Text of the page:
Pay special attention to the processes in this group as to the most probable cause of your out-of-memory issues (sorted based on server role):
Allocate more RAM to a corresponding node – handled services could just require more memory for normal operability.
Click on points within the list below to view some common recommendations on dealing with memory shortage issues considering used programming language, as well as appropriate resolutions for the most demanding related processes:
Review the main memory management configurations for your Java machine and, if required, adjust them according to your application needs, e.g.:
java -Xmx2048m -Xms256m
Refer to the official documentation for more info on Java memory management system.
Tip: CirrusGrid also implements supplementary automated memory management for Java containers using Garbage Collector. You are able to customize its settings considering your application specifics to avoid OOM issues and gain more efficient memory utilization.
Also, take into consideration, that JVM needs more memory than just heap – read through Java Memory Structure reference to get deeper insights.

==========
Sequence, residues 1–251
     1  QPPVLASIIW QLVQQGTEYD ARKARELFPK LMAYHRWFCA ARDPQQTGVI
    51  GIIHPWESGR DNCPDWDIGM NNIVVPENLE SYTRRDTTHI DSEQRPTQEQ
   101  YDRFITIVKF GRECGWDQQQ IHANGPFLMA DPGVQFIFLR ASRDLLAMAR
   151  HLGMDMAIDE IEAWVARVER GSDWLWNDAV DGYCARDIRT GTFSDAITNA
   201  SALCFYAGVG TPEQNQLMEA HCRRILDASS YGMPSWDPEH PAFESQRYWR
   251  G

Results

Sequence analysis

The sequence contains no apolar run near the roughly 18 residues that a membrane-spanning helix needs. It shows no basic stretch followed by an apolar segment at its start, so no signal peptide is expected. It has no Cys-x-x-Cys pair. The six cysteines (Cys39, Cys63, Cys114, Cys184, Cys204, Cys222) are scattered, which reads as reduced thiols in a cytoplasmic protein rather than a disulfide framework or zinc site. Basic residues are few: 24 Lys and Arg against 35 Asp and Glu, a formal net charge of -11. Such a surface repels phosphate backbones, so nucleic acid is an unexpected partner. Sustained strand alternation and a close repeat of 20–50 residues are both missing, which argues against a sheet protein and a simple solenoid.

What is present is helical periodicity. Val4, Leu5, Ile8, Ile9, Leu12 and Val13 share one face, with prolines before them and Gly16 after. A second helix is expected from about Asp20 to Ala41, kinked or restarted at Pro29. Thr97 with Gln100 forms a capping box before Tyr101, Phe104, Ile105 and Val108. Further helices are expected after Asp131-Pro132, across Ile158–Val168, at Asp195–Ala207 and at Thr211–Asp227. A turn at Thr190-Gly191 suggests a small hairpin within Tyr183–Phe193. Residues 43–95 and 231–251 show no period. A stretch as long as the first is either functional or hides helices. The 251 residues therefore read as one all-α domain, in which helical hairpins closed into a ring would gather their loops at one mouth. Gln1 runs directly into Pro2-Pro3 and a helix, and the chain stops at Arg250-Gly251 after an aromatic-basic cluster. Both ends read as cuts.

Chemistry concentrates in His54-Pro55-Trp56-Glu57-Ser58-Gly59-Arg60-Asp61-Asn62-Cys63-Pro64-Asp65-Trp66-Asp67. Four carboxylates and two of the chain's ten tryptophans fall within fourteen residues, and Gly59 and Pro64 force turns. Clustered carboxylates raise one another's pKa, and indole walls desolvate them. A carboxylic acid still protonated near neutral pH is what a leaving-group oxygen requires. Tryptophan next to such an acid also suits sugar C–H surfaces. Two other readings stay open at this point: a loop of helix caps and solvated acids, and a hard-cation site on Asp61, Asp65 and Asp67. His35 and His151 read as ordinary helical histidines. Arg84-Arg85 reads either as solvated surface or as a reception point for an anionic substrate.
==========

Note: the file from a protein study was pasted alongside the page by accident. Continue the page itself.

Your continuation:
1. If the problem occurs with the httpd (httpd.itk) service, adjust server memory management parameters as follows:
2. For the nginx process, connect to your container via SSH and check the size of php-fpm instances (e.g. with ps or top tools):
Memory leak issues are rather common for Ruby, so, as the first thing to do, consider to inspect and optimize your code. Alternatively, try to increase RAM limit for an instance.
Note: In case you note persistent growth of memory usage per instance (leak), decrease theMaxRequestsPerChildvalue (to around 1000-5000).
2. Otherwise, allocate more RAM to a node – the main Python process could just require more memory for normal operability.
Restart container to restore the killed process(es). If the issue repeats, allocate more RAM to a node – handled application could just require more memory for normal operability.
Click on the required DB stack within the list below to reveal appropriate common recommendations on coping with OOM issues, as well as resolutions for particular killed processes:
1. If using InnoDB engine (embedded since 5.5 MySQL version), check buffers size with the next command:
SHOW ENGINE INNODB STATUS\G;
In case of high buffers value (over 80% of total container RAM), reduce size of the allowed pool with the innodb_buffer_pool_size parameter in /etc/my.cnf file; otherwise, allocate more RAM to a server.
2. Also, check MySQL logs for warnings and recommendations.
If the problem occurs with thehttpdservice, adjust server memory management parameters as follows:
Processes in this section can be run and, subsequently, killed within different node types. Thus, OOM resolutions for them vary and depend on a process itself – see the table below to find the appropriate recommendations.
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